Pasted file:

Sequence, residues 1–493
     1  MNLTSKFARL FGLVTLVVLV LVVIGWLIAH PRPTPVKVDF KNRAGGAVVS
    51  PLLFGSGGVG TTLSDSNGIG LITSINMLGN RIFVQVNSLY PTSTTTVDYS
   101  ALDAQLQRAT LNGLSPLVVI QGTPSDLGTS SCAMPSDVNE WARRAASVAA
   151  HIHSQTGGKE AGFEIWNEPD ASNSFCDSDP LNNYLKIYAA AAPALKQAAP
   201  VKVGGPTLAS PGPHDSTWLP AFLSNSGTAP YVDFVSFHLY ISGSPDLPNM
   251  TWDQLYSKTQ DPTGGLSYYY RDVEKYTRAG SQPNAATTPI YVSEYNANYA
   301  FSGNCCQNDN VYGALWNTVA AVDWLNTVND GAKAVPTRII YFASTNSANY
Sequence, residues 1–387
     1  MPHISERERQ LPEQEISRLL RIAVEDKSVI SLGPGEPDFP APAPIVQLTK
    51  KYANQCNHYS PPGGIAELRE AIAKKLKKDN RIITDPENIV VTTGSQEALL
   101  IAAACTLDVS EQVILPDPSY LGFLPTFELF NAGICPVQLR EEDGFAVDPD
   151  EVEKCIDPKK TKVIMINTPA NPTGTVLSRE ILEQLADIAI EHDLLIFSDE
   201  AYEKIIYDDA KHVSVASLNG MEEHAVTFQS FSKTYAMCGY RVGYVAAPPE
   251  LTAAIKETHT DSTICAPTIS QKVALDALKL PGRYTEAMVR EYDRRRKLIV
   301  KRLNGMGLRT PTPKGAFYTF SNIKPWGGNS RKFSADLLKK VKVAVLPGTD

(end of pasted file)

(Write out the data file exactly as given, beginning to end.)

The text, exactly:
Sequence, residues 1–493
     1  MNLTSKFARL FGLVTLVVLV LVVIGWLIAH PRPTPVKVDF KNRAGGAVVS
    51  PLLFGSGGVG TTLSDSNGIG LITSINMLGN RIFVQVNSLY PTSTTTVDYS
   101  ALDAQLQRAT LNGLSPLVVI QGTPSDLGTS SCAMPSDVNE WARRAASVAA
   151  HIHSQTGGKE AGFEIWNEPD ASNSFCDSDP LNNYLKIYAA AAPALKQAAP
   201  VKVGGPTLAS PGPHDSTWLP AFLSNSGTAP YVDFVSFHLY ISGSPDLPNM
   251  TWDQLYSKTQ DPTGGLSYYY RDVEKYTRAG SQPNAATTPI YVSEYNANYA
   301  FSGNCCQNDN VYGALWNTVA AVDWLNTVND GAKAVPTRII YFASTNSANY
Sequence, residues 1–387
     1  MPHISERERQ LPEQEISRLL RIAVEDKSVI SLGPGEPDFP APAPIVQLTK
    51  KYANQCNHYS PPGGIAELRE AIAKKLKKDN RIITDPENIV VTTGSQEALL
   101  IAAACTLDVS EQVILPDPSY LGFLPTFELF NAGICPVQLR EEDGFAVDPD
   151  EVEKCIDPKK TKVIMINTPA NPTGTVLSRE ILEQLADIAI EHDLLIFSDE
   201  AYEKIIYDDA KHVSVASLNG MEEHAVTFQS FSKTYAMCGY RVGYVAAPPE
   251  LTAAIKETHT DSTICAPTIS QKVALDALKL PGRYTEAMVR EYDRRRKLIV
   301  KRLNGMGLRT PTPKGAFYTF SNIKPWGGNS RKFSADLLKK VKVAVLPGTD